• Other signs and symptoms. Other signs, such as stomach or chest discomfort, might be present.

In the last ten years, there has been a marked rise in the number of cases of eosinophilic esophagitis. Researchers first hypothesized that this was caused by a rise in knowledge among medical professionals and an expansion in the number of test options. Studies now, however, indicate that the condition is spreading more widely along with the rise in asthma and allergies.

Eosinophilic Esophagitis: Symptoms

The patient with eosinophilic esophagitis mainly presents with the following symptoms that include −


  • Having trouble swallowing is referred to as dysphagia.

  • Impaction is the term used when food becomes caught in the esophagus after being swallowed.

  • An occasional central chest ache that is unresponsive to antacids

  • Regurgitation is the backflow of uneaten food.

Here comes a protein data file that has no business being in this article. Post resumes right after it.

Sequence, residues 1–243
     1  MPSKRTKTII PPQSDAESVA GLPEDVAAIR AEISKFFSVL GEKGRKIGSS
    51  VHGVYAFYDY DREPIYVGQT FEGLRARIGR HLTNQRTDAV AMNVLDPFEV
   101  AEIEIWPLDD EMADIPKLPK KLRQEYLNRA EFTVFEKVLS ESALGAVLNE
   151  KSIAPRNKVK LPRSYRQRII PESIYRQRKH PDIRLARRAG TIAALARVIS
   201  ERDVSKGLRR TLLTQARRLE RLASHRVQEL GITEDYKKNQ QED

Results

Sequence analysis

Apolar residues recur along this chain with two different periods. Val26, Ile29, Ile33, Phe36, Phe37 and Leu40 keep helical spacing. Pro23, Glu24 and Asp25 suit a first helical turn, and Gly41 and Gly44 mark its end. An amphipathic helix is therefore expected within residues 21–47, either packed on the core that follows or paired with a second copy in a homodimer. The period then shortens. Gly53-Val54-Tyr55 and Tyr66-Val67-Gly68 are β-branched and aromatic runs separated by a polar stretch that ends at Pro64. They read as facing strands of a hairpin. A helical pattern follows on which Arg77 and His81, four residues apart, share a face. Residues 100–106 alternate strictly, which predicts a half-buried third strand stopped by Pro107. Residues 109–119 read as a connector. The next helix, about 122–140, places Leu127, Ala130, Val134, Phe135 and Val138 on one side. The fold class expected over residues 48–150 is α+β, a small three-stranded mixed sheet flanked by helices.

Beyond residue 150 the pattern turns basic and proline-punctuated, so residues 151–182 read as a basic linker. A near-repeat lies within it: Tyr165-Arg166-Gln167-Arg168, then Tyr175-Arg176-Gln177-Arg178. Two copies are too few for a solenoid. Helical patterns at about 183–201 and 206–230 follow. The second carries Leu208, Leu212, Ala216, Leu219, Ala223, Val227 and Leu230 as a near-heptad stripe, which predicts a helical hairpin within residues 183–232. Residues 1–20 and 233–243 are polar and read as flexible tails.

• Baby feeding difficulties

  • Eating challenges in kids

  • Vomiting

  • Continent pain

  • Having trouble swallowing is referred to as dysphagia.

  • Impaction is the term used when food becomes caught in the esophagus after being swallowed.

  • Medicine for GERD has not worked

  • Malnutrition, stunted development, and weight loss are all symptoms of failure to flourish

When to Visit a Doctor?

If you feel chest discomfort, get emergency medical assistance, especially if you also experience arm, jaw, or shortness of breath symptoms. These may be heart attack symptoms.

Eosinophilic Esophagitis: Risk Factors